Whether or not you have health insurance, you will see some changes when you file your taxes this year. Time Warner Cable News’ Tara Lynn Wagner looks at how the Affordable Care Act is affecting returns in this Money Matters report.
Under the Affordable Care Act, this is the first tax season Americans will be asked about health insurance on their return. For a majority of taxpayers who get health insurance through their employer, the change comes down to this.
"All they have to do is a check a box on their tax return. ‘Yes I have private insurance.’ And they're done," says Fordham Law School clinical professor Elizabeth Maresca.
If you bought insurance through the Marketplace, it's a little more complicated. By now, you should have received a 1095-A which lists who you bought your insurance from, how much you paid and whether or not you received a credit to lower the cost of your premium. That information then needs to be plugged into Form 8962, which will make sure the numbers add up.
"If you got married, divorced, you had a child, you moved, you lost your job, you got a job, for some people the credit you anticipated you would get when you applied for your health insurance is not going to match the credit that you are actually entitled to. So that may mean for some people they'll have to pay more when they file or they will get an additional refund," says Maresca.
This is happening quite a lot. H&R Block says among their early clients who bought through a marketplace, just about half owed money - on average $530 bucks. Meanwhile, about a third was entitled to a bigger credit, an average refund of about $365.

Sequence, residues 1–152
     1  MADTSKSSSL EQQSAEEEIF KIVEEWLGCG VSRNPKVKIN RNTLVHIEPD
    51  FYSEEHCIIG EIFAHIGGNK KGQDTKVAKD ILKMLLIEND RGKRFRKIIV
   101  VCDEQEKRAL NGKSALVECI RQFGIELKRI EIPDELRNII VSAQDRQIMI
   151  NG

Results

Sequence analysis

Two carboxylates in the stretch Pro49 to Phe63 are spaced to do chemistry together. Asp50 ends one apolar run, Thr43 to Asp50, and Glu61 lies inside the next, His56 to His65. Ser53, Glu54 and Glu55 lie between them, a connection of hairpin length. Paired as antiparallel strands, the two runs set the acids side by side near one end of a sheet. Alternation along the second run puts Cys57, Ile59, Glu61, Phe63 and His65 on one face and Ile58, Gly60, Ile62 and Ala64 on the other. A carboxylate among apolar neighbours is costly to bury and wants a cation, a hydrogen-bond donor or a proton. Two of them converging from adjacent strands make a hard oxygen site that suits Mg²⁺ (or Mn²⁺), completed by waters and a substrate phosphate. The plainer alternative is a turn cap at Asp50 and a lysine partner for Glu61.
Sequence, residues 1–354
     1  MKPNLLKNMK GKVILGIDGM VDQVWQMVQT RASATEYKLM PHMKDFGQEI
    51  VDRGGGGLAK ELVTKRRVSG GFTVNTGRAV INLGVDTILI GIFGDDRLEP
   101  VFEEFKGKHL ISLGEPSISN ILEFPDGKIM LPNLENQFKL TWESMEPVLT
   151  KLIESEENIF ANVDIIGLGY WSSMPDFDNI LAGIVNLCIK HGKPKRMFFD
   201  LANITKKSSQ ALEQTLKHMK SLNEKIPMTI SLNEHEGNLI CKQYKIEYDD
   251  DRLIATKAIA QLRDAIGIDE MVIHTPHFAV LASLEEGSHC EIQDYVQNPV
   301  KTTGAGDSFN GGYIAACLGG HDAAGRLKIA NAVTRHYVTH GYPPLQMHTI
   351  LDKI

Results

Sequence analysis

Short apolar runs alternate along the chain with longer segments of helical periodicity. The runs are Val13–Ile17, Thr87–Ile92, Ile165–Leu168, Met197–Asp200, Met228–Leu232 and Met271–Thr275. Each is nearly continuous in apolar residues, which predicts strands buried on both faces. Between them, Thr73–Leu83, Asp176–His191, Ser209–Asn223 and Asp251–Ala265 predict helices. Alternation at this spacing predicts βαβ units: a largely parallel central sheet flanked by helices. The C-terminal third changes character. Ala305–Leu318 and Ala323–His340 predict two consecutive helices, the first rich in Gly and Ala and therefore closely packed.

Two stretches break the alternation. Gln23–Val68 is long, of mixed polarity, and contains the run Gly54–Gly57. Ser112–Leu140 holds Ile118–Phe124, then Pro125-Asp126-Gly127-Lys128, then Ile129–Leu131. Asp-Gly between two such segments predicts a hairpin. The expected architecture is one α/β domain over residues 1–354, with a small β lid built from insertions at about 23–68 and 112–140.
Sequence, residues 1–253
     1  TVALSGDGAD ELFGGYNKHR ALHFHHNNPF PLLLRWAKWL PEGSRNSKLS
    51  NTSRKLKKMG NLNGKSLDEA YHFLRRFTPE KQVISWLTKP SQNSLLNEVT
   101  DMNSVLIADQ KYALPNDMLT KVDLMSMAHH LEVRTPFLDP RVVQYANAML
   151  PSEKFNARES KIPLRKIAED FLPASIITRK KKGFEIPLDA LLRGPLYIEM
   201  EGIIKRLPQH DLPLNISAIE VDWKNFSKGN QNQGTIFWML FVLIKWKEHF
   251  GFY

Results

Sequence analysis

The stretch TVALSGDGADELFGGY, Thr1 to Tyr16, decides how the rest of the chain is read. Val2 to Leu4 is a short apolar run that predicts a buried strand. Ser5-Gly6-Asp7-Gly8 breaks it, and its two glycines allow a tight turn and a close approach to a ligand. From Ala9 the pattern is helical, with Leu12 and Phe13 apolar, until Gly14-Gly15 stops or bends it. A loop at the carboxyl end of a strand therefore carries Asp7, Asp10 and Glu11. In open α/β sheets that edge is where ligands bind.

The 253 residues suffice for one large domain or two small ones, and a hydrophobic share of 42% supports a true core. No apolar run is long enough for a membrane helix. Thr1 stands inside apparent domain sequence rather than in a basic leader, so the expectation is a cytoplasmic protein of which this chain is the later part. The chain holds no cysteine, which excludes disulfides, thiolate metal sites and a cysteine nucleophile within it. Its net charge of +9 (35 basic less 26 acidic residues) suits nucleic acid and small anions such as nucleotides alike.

Of course, not everyone bought insurance. Some qualified for an exemption but those who did not now face a fine.
"That is what they call the shared responsibility payment, which effectively is a penalty for not having health insurance. It is an additional tax that will get included in your total tax bill. It will either increase your tax bill come April 15th or reduce your refund," says Barry Kleiman, tax partner with Untracht Early.
This year's penalty is relatively small - $95 per adult, less for kids, or 1% of your income - but those numbers will go up. Kleiman says he hopes this first fine will serve as a wakeup call to those who still have not purchased a plan.
"They should look into the exchanges, and get covered so that’s not an ongoing problem for future years," he says.
Open enrollment has ended, however several exchanges are reopening for a few weeks to give tax payers a second chance to get coverage for 2015 and avoid next year's heftier fine.